Other than this preface the rest of the work consists of extracts from Storrs’ diary entries relating his unhappy experience. Before his scheduled address Storrs was visited by two local selectmen asking him to forgo his sermon for fear of trouble and promising to hold him responsible if such occurred. He declined their request and spurned the idea that he, in acting on his constitutional right, should in any way be accountable for the actions of a mob.
Storrs proceeded to the meeting house, and while in the pulpit praying was arrested and taken to court. In part, the Complaint against him stated that since his arrival in town he:
has been an idle person and disorderly person, and wanton and lascivious in speech and behaviour, a common railer and brawler, and neglects any lawful employment, and misspends his time going about in said town and County disturbing the public peace, contrary to the form of the statute in such case made and provided, and against the peace and dignity of said State…
Subsequently, Storrs recounts, in detail, the proceeding in his trial. It is compelling, and the outcome in doubt.
Speech of John Hossack, Convicted of a Violation of the Fugitive Slave Law: before Judge Drummond, of the United States District Chicago, ILL (1860)
John Hossack emigrated from Scotland to Quebec at age twelve where he worked in an uncle’s confectionary. After a number of different jobs and a marriage he moved to Chicago to work as a contractor working on the Illinois and Michigan Canal. When that enterprise failed he became a farmer and began his active involvement in abolitionist movement, allowing his farm to become a refuge for escaped slaves. After moving to Ottawa, Illinois, Hossack prospered as a dealer in grain and lumber.
He built an elegant home on the banks of the Illinois River which soon became an important stop on the Underground Railway, sheltering more than a dozen runaway slaves at a time. The house is listed on National Register of Historic Places. His role in the abolitionist movement brought him friendships with such notables as William Lloyd Garrison and John Wentworth.
In 1859 Hossack helped a fugitive slave escape from a court proceeding by preventing law enforcement officers from apprehending him. He was indicted for violating the Fugitive Slave Law, tried and found guilty, and sentenced to ten days in jail and a $100 fine. This work is the speech he made to the court after his verdict but before his sentence. He begins:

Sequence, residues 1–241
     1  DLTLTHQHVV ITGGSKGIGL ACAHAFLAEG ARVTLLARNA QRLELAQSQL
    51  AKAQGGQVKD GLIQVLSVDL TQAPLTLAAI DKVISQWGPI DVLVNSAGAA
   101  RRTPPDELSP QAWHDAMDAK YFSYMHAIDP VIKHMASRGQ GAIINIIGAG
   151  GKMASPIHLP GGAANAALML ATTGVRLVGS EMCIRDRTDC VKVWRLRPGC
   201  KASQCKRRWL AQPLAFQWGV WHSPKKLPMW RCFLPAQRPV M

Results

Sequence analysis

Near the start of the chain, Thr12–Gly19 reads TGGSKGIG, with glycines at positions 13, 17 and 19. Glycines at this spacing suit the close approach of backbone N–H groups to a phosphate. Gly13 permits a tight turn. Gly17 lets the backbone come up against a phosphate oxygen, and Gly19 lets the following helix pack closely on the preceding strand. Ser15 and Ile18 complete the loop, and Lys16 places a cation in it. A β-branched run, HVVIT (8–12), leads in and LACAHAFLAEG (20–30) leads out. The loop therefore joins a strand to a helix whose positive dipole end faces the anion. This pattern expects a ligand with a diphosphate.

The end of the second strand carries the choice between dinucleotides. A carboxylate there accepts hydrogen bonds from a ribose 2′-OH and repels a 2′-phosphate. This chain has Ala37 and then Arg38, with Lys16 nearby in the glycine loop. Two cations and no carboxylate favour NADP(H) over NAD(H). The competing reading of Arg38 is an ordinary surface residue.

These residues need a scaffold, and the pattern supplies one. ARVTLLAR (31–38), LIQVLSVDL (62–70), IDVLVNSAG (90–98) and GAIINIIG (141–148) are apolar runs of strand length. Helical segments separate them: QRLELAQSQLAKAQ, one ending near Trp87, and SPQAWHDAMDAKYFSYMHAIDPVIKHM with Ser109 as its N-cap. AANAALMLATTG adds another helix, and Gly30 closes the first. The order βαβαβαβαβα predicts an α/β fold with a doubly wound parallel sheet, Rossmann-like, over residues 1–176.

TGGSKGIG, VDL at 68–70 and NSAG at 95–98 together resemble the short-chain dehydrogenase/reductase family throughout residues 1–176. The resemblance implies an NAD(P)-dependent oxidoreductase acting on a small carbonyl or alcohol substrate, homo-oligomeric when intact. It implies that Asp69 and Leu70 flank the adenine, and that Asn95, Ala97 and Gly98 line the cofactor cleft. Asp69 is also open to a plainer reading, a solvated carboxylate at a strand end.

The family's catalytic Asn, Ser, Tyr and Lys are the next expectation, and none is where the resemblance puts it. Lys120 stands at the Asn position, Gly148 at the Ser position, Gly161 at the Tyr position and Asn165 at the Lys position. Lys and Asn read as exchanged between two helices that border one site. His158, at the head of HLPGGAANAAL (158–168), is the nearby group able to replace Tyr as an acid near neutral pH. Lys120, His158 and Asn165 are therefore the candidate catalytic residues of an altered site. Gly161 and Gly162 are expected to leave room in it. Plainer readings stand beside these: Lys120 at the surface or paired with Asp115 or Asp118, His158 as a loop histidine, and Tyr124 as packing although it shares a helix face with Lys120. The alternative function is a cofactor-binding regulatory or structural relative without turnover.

May it please the Court:
I have a few words to say why a sentence should not be pronounced against me. I am found guilty of a violation of the Fugitive Slave Law, and it may appear strange to your Honor that I have no sense of guilt. I came, Sir, from the tyranny of the Old World, when but a lad, and landed upon the American shores, having left my kindred and native land in pursuit of some place where men of toil would not be crushed by the property-holding class.
He addresses the complaint that as a foreigner he is particularly obligated to uphold the law in every instance stating that “I find nothing that should destroy my sympathy for the crushed, struggling children of toil in all lands.” And further:
It is true, Sir—I am a foreigner. I first saw the light among the rugged but free hills of Scotland; a land, Sir, that never was conquered, and where a slave never breathed. Let a slave set foot on that shore, and his chains fall off for ever, and he becomes what God made him—a man.
His speech continues in unvarnished eloquence as he argues his case. He refers to the Redeemer
who came to heal the broken-hearted, to preach deliverance to the captives, to set at liberty those who were bruised; yea, this very religion binds me to those in bonds as bound with them. Tell me, Sir, with these views, can I be anything but an Abolitionist? Surely, for this I ought not to be sentenced.
He expounds upon the Constitution in a scholarly argument asserting:
No, sir; in a Court of the United States, where the Constitution proves for trial by jury, I ought not to be sentenced for raising my hand to rescue a fellow-man from a mob that would strip him of his liberty and life-long toil without due process of law, without trial by jury. Sir, this law tramples so flagrantly upon the spirit and letter of the Constitution, that I ought not be sentenced.
He concludes his constitutional argument by stating of that document “If slavery is in it, it is ‘a covenant with death, and an agreement with hell.’” Finally, he ends his appeal with these words:
I have, Sir, endeavored to obey the Divine law and all the laws of my country that do not conflict with the laws of my God. My humble wish is, that it may then appear that I have done my duty. All I wish to be written on my tombstone is, “He feared God and loved his fellow-men.